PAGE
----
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John Connor Rebuild Naming


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#1 Hereward

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Posted 21 February 2018 - 09:18 AM

My John Connor Rebuild Anglo has the usual round hole on either metal end-plate for the maker's name but they are both blank and just empty holes. Is this usual and/or a problem? I don't want to mess with this and cover them (by making a label)  unless it's thought necessary. However, the maker's name doesn't appear anywhere that I can find and that may mean in years to come, when it gets passed on, no-one may remember who made it.



#2 alex_holden

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Posted 21 February 2018 - 10:45 AM

You could write it in pencil inside somewhere.

#3 Rod

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Posted 21 February 2018 - 12:51 PM

My ‘Shire’ Anglo is identified by stamping ?/ engraving?/ etching ? In the space on the left hand grill which mirrors the position of the air button on the right hand grill.

#4 Hereward

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Posted 21 February 2018 - 01:09 PM

Is the 'Shire' by Connor? I have seen his own models named down the middle as it were and I suppose that may be what you refer to.

 

Edited because I now see it is another maker.


Edited by Hereward, 21 February 2018 - 01:12 PM.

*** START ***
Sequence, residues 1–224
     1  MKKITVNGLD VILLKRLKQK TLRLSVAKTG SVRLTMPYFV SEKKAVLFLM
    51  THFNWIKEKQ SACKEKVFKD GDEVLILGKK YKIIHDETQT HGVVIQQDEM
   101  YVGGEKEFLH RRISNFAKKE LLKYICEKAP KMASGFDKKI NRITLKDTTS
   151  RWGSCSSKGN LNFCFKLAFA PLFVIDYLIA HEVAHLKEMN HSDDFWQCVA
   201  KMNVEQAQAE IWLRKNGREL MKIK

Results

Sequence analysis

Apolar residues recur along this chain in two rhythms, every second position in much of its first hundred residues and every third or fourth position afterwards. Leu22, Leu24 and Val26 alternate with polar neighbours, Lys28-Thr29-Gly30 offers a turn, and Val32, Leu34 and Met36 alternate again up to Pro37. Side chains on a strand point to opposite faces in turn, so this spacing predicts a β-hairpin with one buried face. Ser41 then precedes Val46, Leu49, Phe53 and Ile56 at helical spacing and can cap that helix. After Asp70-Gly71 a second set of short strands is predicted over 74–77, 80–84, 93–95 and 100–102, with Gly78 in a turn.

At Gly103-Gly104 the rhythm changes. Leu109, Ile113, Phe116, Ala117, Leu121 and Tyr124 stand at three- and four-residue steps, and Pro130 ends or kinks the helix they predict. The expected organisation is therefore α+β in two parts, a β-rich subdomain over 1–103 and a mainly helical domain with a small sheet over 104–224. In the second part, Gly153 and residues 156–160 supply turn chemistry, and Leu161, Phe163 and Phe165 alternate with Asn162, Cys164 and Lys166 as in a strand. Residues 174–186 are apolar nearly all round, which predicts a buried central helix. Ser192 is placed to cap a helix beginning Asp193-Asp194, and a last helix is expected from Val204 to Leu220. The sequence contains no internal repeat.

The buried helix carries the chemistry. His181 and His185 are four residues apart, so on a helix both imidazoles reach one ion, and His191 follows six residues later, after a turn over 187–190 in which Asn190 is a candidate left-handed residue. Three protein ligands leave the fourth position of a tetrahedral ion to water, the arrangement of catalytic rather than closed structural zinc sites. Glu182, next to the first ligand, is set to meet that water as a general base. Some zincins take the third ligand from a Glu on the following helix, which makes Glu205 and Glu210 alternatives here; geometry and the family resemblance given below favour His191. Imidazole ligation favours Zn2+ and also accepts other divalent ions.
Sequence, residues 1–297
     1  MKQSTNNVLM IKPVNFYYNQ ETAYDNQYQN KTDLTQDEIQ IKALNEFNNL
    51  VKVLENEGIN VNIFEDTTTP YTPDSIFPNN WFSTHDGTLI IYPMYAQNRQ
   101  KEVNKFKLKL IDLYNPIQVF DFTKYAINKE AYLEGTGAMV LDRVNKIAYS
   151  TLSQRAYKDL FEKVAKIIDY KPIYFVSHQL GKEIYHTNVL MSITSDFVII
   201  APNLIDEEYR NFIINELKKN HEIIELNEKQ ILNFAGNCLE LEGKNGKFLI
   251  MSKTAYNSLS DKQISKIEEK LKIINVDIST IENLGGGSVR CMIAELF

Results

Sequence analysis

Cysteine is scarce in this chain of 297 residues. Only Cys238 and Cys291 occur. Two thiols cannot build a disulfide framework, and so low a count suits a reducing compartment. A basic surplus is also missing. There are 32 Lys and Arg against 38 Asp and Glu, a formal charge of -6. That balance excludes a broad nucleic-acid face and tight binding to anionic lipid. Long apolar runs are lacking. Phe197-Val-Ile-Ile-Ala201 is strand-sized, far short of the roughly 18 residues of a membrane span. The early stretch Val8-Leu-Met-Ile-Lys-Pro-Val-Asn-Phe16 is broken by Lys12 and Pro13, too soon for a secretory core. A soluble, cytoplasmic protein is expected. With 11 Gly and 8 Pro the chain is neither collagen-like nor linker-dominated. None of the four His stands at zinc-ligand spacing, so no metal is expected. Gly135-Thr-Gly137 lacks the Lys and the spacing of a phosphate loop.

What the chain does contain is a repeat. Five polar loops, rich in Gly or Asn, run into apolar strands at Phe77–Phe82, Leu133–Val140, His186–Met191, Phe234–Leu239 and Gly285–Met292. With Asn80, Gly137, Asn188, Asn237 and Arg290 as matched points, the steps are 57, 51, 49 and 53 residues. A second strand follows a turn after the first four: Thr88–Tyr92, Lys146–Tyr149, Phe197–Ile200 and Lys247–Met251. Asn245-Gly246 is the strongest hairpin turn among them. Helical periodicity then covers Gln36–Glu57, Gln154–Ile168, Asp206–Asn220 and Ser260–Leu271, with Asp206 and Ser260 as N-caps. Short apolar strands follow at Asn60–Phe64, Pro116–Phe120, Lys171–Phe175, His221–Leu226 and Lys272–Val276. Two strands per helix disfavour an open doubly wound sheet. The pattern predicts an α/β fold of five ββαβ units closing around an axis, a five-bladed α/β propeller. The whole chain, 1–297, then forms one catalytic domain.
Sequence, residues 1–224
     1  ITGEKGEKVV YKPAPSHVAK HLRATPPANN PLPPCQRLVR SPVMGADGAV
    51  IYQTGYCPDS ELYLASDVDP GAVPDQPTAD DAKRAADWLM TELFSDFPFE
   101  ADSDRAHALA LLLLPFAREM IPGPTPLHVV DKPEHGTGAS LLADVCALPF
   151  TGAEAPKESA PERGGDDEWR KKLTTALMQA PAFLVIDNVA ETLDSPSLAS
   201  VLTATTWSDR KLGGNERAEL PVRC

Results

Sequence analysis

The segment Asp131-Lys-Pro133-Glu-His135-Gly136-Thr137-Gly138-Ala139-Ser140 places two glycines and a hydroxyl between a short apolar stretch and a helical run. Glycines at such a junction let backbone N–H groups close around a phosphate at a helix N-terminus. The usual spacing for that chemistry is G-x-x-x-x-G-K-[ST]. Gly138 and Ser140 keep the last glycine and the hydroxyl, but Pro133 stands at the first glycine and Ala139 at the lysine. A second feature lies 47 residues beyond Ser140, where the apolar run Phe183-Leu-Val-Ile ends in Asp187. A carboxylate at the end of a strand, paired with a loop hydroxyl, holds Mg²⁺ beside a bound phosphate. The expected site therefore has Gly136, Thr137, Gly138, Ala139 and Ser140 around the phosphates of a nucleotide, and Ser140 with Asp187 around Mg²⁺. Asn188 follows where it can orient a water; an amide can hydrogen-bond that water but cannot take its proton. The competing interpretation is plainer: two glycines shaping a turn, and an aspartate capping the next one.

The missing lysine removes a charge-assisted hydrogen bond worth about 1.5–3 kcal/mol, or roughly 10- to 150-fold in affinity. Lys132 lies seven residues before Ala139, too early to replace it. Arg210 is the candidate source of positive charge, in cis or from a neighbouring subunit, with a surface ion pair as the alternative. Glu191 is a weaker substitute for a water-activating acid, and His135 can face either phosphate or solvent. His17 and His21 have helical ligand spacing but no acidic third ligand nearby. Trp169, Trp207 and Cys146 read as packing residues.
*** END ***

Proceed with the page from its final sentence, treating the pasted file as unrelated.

#5 Rod

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Posted 21 February 2018 - 01:22 PM

No connection. The history of Shire Concertinas is well documented on this website.

#6 d.elliott

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Posted 21 February 2018 - 02:52 PM

Do you know the original manufacturer? If not then post photos of the end plates and if you can, the action pivot arrangements, these things can usually be worked out be the combined experience of the many here.

 

Dave



#7 nicx66

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Posted 21 February 2018 - 02:52 PM

Mine, which is a standard model Connor anglo in C/G, has 'CONNOR' marked between the top and middle row of buttons on both ends. 



#8 Hereward

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Posted 21 February 2018 - 06:06 PM

Do you know the original manufacturer? If not then post photos of the end plates and if you can, the action pivot arrangements, these things can usually be worked out be the combined experience of the many here.

 

Dave

The whole instrument was built by Connor except for the reed pans and reeds which are Wheatstone. I don't know anything else about it.



#9 Takayuki YAGI

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Posted 21 February 2018 - 11:34 PM

As far as I know, Connor rebuild models are produced by John Connor in collaboration with Barleycorn(Chris Alger) using Wheatstone or Lachenal reeds.

Mine is built by Connor (including reedpan) with old Lachenal reeds and has no makers name outside. Inside of the instrument there is a stamp of Barleycorn.



#10 Hereward

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Posted 22 February 2018 - 04:58 AM

As far as I know, Connor rebuild models are produced by John Connor in collaboration with Barleycorn(Chris Alger) using Wheatstone or Lachenal reeds.

Mine is built by Connor (including reedpan) with old Lachenal reeds and has no makers name outside. Inside of the instrument there is a stamp of Barleycorn.

Thank you. So it sounds to me that mine is similar to yours. John Connor is now retired.



#11 d.elliott

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Posted 22 February 2018 - 07:10 AM